Tuesday, August 25, 2009


When a graduate student teaching junior/senior seminars, I submitted a department proposal for a course that would trace the development of empiricism in literature and painting from the seventeenth to the mid-twentieth centuries, as I explained to the department committee. The course title, “Things,” reflected a breeziness in my proposal. I was offering it as a kind of throwaway joke. What I really wished to teach was a look at heroism in the early nineteenth century, a topic I was working up for my dissertation. When I opened the course assignments for the year, I found to my surprise that I was assigned to teach “Things.” In retrospect, the committee’s choice was inevitable; only a rare university junior or senior could possibly find an examination of 19th-century heroism interesting. I scrambled to get “Things” together.

Although an empirical bent winds its way through American culture, how writers and artists approached this urge, I would find as the course proceeded, became a bit complicated. In the twentieth century, however, two poets gave the tendency straightforward expression: William Carlo Williams and Robert Frost. It was from Williams’ poem “A Sort of Song” that I took my course title.

Let the snake wait under
his weed
and the writing
be of words, slow and quick, sharp
to strike, quiet to wait,
---through metaphor to reconcile
the people and the stones.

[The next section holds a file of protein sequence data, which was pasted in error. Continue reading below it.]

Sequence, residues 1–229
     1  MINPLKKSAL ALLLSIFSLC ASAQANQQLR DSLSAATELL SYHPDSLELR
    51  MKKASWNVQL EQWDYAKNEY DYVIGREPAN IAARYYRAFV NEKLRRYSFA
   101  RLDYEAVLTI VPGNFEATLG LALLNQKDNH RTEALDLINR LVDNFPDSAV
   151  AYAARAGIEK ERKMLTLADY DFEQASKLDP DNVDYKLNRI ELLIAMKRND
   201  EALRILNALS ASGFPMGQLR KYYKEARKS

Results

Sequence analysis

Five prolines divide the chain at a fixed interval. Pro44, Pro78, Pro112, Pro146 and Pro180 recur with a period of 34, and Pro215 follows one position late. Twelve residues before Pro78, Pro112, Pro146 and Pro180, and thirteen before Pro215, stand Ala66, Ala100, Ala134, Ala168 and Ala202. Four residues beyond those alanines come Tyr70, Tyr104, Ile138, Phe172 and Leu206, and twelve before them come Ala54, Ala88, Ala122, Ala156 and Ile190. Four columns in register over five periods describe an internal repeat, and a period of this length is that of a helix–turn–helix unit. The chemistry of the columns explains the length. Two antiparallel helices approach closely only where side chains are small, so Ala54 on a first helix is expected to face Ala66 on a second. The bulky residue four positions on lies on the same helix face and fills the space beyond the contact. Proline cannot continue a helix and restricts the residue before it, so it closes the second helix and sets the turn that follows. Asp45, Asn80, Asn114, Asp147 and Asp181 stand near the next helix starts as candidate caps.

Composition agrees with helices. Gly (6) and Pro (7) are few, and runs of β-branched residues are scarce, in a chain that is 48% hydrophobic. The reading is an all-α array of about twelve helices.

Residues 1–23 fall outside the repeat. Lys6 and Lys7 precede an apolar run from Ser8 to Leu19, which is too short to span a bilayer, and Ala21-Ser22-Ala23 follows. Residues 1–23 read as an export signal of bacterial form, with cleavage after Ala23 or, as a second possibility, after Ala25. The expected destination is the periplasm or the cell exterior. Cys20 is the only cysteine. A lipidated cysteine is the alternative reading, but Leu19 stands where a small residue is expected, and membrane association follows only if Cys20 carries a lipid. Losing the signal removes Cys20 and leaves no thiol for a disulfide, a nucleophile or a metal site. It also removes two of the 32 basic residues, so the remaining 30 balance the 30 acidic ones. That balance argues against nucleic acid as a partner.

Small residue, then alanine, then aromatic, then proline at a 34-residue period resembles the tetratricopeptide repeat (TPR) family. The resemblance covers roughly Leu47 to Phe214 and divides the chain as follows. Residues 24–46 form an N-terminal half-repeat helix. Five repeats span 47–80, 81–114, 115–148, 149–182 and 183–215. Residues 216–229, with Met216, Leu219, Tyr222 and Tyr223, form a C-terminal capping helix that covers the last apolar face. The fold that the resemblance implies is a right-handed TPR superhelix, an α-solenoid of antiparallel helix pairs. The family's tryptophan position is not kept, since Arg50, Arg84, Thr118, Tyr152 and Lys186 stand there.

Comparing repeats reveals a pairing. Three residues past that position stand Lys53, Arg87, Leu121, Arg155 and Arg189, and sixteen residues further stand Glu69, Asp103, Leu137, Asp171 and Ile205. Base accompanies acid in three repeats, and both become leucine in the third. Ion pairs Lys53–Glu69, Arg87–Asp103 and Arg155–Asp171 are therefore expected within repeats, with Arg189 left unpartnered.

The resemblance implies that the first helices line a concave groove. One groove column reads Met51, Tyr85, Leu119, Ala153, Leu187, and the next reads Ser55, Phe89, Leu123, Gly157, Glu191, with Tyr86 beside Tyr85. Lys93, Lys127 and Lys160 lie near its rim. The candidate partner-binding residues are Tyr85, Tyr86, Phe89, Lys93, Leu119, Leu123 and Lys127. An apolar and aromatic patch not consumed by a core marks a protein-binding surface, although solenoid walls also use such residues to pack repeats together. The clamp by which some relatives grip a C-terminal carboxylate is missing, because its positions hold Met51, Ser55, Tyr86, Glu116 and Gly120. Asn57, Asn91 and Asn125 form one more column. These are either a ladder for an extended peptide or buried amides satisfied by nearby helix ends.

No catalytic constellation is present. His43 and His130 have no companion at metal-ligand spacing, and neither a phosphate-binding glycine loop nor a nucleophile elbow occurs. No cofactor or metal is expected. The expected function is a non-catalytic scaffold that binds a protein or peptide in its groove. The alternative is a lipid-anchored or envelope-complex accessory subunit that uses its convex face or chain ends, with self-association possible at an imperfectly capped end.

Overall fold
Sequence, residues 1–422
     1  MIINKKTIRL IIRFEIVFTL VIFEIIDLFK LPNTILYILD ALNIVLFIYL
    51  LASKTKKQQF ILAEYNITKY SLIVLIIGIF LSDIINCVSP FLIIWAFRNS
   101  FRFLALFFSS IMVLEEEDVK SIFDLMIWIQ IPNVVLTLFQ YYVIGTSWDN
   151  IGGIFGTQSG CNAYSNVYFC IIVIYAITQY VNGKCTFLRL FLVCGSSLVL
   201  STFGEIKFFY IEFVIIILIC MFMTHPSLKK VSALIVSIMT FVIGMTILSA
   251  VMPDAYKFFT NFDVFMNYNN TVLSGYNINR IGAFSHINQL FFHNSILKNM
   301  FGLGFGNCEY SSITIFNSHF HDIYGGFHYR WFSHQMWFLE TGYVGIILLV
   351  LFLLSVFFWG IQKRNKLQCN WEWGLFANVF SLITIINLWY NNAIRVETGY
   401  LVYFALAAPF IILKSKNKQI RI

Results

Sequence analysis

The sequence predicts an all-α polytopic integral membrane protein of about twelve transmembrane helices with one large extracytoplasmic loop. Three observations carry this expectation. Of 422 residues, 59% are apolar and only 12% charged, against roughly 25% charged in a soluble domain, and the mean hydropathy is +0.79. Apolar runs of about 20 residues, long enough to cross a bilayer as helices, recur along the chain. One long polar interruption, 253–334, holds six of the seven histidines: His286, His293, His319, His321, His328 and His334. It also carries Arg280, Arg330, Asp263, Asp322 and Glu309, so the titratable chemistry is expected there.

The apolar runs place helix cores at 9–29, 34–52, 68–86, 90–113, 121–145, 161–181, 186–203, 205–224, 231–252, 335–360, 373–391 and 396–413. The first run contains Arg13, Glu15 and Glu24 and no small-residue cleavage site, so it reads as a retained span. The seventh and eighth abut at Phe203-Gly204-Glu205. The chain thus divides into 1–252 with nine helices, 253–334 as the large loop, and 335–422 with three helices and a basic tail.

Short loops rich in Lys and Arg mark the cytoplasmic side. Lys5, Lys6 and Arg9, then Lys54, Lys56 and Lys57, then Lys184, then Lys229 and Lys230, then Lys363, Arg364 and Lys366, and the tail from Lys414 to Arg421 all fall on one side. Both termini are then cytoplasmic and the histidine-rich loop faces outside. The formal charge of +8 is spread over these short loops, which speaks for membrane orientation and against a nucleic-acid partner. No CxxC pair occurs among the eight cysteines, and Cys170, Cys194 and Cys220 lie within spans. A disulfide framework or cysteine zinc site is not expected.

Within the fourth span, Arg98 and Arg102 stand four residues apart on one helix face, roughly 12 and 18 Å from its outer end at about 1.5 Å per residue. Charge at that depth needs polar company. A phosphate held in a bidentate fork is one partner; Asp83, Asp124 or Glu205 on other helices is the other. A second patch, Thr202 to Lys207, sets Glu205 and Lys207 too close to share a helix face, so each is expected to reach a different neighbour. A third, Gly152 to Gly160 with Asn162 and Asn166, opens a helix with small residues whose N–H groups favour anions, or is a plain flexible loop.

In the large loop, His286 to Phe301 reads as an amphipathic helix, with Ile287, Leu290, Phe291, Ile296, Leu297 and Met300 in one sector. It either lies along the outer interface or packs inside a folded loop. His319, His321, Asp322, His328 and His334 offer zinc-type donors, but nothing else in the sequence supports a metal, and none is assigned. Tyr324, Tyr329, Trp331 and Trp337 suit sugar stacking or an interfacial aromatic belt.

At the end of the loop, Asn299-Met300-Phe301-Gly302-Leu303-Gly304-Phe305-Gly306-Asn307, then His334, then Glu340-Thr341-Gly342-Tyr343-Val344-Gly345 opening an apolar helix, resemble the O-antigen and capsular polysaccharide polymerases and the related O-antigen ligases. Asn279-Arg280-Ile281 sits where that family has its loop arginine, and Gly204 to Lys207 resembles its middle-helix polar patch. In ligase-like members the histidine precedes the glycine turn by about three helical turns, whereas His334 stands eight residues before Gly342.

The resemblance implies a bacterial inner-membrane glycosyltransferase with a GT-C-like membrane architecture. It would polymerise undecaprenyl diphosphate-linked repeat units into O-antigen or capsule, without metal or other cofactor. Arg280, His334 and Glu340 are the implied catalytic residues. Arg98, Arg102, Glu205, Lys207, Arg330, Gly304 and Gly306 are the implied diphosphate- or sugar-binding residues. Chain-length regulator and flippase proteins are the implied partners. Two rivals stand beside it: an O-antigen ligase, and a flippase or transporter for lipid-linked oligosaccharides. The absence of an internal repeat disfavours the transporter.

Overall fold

Compose. (No ideas
but in things) Invent!
Saxifrage is my flower that splits
the rocks.

But I found my touchstone in Frost’s poetry. In “Mowing,” the speaker attempts to understand a truth that Nature seems to be telling him.

There was never a sound beside the wood but one,
And that was my long scythe whispering to the ground.
What was it it whispered? I knew not well myself;
Perhaps it was something about the heat of the sun,
Something, perhaps, about the lack of sound—
And that was why it whispered and did not speak.
It was no dream of the gift of idle hours.
Or easy gold at the hand of fay or elf:
Anything more than the truth would have seemed too weak
To the earnest love that laid the swale in rows,
Not without feeble-pointed spike of flowers
(Pale orchises), and scared a bright green snake.
The fact is the sweetest dream that labor knows.
My long scythe whispered and left the hay to make.

If the meaning of the whisper remains unknown, the source of the whisper, and so the possibility of truth (”anything more than truth would have seemed too weak”), is clear. The speaker will not receive truth as a gift nor achieve it through idleness or dreams. It must be worked for by engaging with stuff—facts.

The literary critic Richard Poirier, who died last week, sub-titled his book on Frost “The Work of Knowing.” “Poetry is not life,” Poirier observes of Frost, “but the performance in the writing of it can be an image of the proper conduct of life. The exercise of the will in poetry, the writing of a poem, is analogous to any attempted exercise of will in whatever one tries to do.” And, going on, Poirier gets to the core. “This position is not asserted, since the whole point, after all, is that nothing can be carried merely by assertion.” Writing is not reportage of a found truth, but the work of finding truth, as Richard Poirier himself showed us with his illuminating literary criticism.

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